When my clock read 7:34, Annabelle burst into our room, wearing her cheer uniform and an anxious face. "Mom! It's 8:34 - weren't we supposed to be at the field at 8?" I gave Jason a knowing look and launched into a lengthy explanation of what Daylight Savings Time was and why we still had about 20 minutes before we needed to leave.

I kept lazing around and chatting with Jason for a few more minutes before reluctantly getting dressed. As I was putting my shoes on, Jason said, "Are you sure it's Daylight Savings Time? You should check. The computer clock would say the correct time."

I checked my laptop: it read 8:44.

Oh, shit.

I googled Daylight Savings Time 2009. It said "November 1."

Oooooooh, shit.

The clock, purchased several years ago, had not received the memo when Daylight Savings Time dates were changed, so it had set the hour back on the wrong date. Smart clock, my ass.

Jason jumped out of bed and started working on Anna's ponytail while I simultaneously brushed my teeth, smell-checked yesterday's bra off the floor, and looked for the team manager's cell phone number. Not only were we going to miss practice and possibly be late for the start of the football game, but I had also missed my volunteer shift at the raffle table.

As Annabelle started to wail that Dad wasn't doing her hair right and that she'd known we were late all along, I connected with the team manager. "How far away are you?" she asked, "We're doing photos right now! Bring your form to the back field - we're about to do the team photo - we'll wait for you."

Ah, right! It was picture day to boot. Of course.

Cursing, I ran out to the van with no coat and no keys, a crying cheerleader trailing behind me. "Get in!" I barked. Then, "Shit! Keys!"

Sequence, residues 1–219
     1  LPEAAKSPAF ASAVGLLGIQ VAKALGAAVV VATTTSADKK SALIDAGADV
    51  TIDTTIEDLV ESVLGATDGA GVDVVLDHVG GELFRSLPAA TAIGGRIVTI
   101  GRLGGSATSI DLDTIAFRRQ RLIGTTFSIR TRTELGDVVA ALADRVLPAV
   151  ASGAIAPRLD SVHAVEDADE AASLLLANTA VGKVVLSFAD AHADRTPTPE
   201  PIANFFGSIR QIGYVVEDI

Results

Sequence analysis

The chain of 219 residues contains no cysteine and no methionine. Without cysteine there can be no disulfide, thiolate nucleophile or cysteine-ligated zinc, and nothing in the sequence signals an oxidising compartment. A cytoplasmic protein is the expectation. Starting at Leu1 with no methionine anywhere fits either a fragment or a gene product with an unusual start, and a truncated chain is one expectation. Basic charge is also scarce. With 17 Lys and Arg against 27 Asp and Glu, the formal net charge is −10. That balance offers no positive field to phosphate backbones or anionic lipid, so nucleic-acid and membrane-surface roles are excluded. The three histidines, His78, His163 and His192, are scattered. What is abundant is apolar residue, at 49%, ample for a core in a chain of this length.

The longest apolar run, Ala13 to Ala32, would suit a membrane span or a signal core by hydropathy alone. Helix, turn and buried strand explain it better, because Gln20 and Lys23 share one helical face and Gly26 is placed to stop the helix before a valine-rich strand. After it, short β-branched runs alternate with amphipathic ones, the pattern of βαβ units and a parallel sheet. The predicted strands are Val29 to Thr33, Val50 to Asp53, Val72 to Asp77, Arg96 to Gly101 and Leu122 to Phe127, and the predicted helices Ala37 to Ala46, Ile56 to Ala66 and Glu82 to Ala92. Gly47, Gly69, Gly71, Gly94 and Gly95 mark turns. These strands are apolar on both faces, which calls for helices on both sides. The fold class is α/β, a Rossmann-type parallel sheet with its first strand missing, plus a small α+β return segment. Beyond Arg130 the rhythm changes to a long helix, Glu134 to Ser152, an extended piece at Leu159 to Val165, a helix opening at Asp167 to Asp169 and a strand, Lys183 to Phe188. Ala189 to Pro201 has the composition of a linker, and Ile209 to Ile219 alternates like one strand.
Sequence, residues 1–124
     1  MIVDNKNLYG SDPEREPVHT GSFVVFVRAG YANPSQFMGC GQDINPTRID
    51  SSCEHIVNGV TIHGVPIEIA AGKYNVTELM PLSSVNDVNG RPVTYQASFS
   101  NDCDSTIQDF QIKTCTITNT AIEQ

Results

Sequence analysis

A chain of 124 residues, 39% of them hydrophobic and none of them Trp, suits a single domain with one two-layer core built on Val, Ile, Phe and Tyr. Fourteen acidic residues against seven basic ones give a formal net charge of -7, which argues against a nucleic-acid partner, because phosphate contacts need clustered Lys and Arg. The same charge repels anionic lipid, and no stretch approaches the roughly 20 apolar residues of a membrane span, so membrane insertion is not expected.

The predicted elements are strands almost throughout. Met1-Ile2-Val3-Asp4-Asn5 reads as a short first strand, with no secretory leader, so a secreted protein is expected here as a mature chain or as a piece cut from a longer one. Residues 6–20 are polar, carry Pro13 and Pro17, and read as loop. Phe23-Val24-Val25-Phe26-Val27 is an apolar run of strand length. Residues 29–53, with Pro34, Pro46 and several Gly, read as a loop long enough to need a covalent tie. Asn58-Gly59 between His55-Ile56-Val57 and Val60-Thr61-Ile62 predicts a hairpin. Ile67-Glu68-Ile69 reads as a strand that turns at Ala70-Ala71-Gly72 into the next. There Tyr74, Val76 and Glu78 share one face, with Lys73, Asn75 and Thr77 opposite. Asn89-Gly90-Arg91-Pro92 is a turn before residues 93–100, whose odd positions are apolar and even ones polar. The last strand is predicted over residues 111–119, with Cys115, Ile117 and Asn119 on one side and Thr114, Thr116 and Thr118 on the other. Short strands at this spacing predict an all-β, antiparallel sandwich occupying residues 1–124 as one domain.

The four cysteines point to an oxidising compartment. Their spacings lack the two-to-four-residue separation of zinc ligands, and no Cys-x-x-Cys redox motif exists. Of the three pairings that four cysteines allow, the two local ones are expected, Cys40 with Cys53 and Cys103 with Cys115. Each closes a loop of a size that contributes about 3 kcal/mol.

Five seconds later, I re-emerged from my house after dropping several f-bombs at my husband, with keys in hand, but still no camera, coffee, checkbook, or coat.

I defied the posted speed limit signs and made it to the field at warp speed. Annabelle suffered through a bogus pep talk about "pulling it together" even as her mother's voice cracked with emotion.

We arrived, and I was full-on crying behind my sunglasses, in shame, embarrassment, and most of all, frustration. Last game of the season and no camera? Picture day and ill-constructed Dad-ponytail? Well-prepared, responsible daughter and day-ruining Mom? It was all so upsetting.

As I crouched on the ground, haphazardly filling out the photography order form, desperately trying to hide the fact that I, a grown woman, was crying at cheer practice, my daughter's teammates and their moms rallied around her to get her smiling. I felt overwhelmed with love for all of these people. They did what I couldn't, and within a minute Annabelle was laughing and joining her mates in the team photo.

The girls then ran to the football field, ready to cheer on their football-playing teammates. I looked on with relief as the adrenaline finally shut off and the full body blush gave way to my natural pale skin. I volunteered in the Snack Shack to make up for blowing off my shft at the raffle table. At halftime, Annabelle was not a "base" in the stunting group as usual because she had missed the pre-game practice. But! She got to do a cartwheel right in front of the stunt groups instead!

And so, I was forgiven. By my daughter, her team, and by myself.

Tuesday, October 20, 2009

Sweatpant justice

While shopping at Target on Friday I spotted something I never imagined could excite me so: a big rack of Hanes Her Way sweats in all different colors. The big picture-sign above the shelves of fleece informed me that these cozy pieces were just $6 each, and the woman in the picture looked so comfy and happy.

So I bought a couple of sets. Now these are not clothes you'd actually wear to the gym. No, women must be wearing tighter-fighting yoga or running pants with some kind of coordinating tank and zip-front jacket when sporting gym clothes in public. It's the code. These sweats are more the old-fashioned type: a boxy, unfitted sweatshirt with loose-fitting straight-leg sweat pants in mix-and-match colors like black, gray, and purple. These are the sweats I remember from childhood, minus the elastic cuff at the bottom of the pants-leg. Apparently no one wants to go that retro.